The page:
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Poll shows that most Israelis, Palestinians still seek peace

  • Daniella Cheslow and Josef Federman

    Associated Press

Jerusalem | Mon, August 22, 2016 | 07:50 pm
Poll shows that most Israelis, Palestinians still seek peace Israeli left wing activists hold signs during a peace rally in Tel Aviv, Israel, Oct. 24, 2015. A new poll of Israelis and Palestinians released on Aug. 22, 2016, found that a slim majority on both sides still favor a peace settlement establishing a Palestinian state alongside Israel, despite years of conflict and deadlock in negotiations. The results of the joint poll may provide some small signs of encouragement when peace prospects appear bleak. Hebrew on sign reads: "Peace was killed with Rabin." (AP/Sebastian Scheiner, File)

A slim majority of both Israelis and Palestinians still favor a peace settlement with a Palestinian state alongside Israel, a new poll showed Monday as Israeli authorities confirmed granting permission to plan the expansion of an Israeli settlement in the flashpoint West Bank city of Hebron.

The poll found that 51 percent of Palestinians and 59 percent of Israelis still support a two-state solution to the Israeli-Palestinian conflict.

Tamar Hermann, an Israeli political scientist who conducted the survey with Palestinian pollster Khalil Shikaki, said that under the current circumstances, the results were "not amazingly encouraging," but also "not discouraging."

"It showed there is still some basis for optimism with the right leadership," she said. "Right now I don't see on the horizon a leader on either side willing or capable of using this as a springboard for intensifying the negotiations. But it's not impossible."

The poll comes amid nearly a year of low-level violence between Palestinians and Israelis. Since September, Palestinians have killed 34 Israelis in shootings, stabbings and vehicular attacks. At least 206 Palestinians have died by Israeli fire in the same period, most of whom Israel says were attackers.

Hebron has been a focal point of violence in the West Bank. About 1,000 Jewish settlers live in the city, in heavily fortified enclaves surrounded by tens of thousands of Palestinians.

In June, a Palestinian assailant stabbed a 13-year old Israeli girl to death in her bed in Kiryat Arba, an Israeli settlement adjacent to Hebron. In response, Israeli Prime Minister Benjamin Netanyahu announced a US$12.9 million plan to strengthen Kiryat Arba and the Jewish settlement in Hebron.

Hagit Ofran of the anti-settlement group Peace Now said Israeli authorities are taking steps to add more Israeli homes in Hebron on land currently used by a military base. Ofran said this is the first such approval in more than a decade.

COGAT, the Israeli defense body responsible for civilian affairs in the West Bank, confirmed on Monday that permission was given for planning infrastructure.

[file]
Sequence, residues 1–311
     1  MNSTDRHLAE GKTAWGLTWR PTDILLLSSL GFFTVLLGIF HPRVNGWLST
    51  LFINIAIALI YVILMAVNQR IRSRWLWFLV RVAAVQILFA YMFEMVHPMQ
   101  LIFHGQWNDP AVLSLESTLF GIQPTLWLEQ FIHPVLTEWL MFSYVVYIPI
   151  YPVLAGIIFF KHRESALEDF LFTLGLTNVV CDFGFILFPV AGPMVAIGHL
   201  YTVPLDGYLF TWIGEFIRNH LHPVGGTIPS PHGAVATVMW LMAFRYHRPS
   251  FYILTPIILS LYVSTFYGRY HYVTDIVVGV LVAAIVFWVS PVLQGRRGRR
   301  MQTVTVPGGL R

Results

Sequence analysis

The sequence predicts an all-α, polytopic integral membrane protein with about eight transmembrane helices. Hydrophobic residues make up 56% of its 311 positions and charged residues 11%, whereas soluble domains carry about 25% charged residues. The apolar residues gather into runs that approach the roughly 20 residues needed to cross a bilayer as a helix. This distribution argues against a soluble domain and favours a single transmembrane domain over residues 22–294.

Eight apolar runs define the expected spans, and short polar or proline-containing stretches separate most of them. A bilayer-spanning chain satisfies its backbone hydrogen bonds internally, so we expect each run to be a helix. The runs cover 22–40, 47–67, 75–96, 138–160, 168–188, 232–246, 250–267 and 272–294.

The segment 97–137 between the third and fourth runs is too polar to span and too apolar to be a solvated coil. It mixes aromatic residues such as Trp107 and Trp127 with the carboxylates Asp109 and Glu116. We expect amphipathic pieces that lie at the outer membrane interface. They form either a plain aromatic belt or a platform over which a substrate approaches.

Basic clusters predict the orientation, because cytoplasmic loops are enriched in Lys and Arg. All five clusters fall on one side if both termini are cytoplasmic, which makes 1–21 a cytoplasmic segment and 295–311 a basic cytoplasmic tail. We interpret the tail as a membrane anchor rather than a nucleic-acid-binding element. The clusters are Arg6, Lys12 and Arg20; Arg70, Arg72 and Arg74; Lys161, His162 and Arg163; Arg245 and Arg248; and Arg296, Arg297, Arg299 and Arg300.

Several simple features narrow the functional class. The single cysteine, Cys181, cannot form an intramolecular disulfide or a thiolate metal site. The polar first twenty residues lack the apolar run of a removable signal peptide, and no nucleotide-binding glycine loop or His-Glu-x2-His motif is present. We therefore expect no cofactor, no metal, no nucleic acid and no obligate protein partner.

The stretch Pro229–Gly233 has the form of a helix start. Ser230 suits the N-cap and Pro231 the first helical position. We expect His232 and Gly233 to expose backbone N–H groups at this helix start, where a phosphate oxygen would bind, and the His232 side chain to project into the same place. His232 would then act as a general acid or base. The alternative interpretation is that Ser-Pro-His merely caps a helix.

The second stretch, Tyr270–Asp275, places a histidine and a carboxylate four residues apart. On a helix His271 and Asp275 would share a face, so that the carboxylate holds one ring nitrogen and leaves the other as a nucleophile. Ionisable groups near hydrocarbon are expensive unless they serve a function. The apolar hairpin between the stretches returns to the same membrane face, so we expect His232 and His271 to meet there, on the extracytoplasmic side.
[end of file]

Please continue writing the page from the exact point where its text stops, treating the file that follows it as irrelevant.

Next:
Ofran said the homes will be built on land that the military requisitioned from the Palestinian-run municipality. She said Israeli law requires the land to be returned to the municipality, but accused Israel of using "legal acrobatics" to allocate it to settlers.

Settlers say they are returning to properties that belonged to Jews before they fled the area, following deadly Arab riots in 1929.

Yishai Fleisher, a spokesman for the Jewish community of Hebron, welcomed expanding the settlement, saying it "would be good news for the Jewish community here." However, he said there are no building plans yet.

The settlements are built on land Palestinians want for a future state — a state which the new poll shows both Israelis and Palestinians still hope will be created.

Among Jewish Israelis, 53 percent support the establishment of an independent Palestinian state. Among Israel's Arab minority, the number is much higher, at 87 percent. Conversely, just 34 percent of Palestinians and 20 percent of Israelis support the idea of a single shared state where they are both citizens with equal rights.

After two decades of failed peace efforts, and nearly a year of low-level violence, mistrust is strong. The poll found that 65 percent of Israelis fear Palestinians. In contrast, just 45 percent of Palestinians fear Israelis.

Hermann said she was surprised by the higher fear level on the Israeli side, and cited a number of factors. She said many Israelis have no contact with Palestinians, making it easier to "dehumanize the other side."

She also said the recent wave of violence had jolted Israeli society, which had been more insulated from the conflict than Palestinians living under Israeli occupation. In addition, she said Israeli leaders — by painting the Palestinians as "utterly hostile" — and Israeli media reports had contributed to the atmosphere.

"The only images the average Israeli, and I suppose the average Palestinian, gets are the negative ones," she said.

The survey interviewed 1,270 Palestinians and 1,184 Israelis in June, and had a margin of error of 3 percentage points. It was conducted by the Israel Democracy Institute, where Hermann is a senior fellow, and Shikaki's Palestinian Center for Policy and Survey Research.

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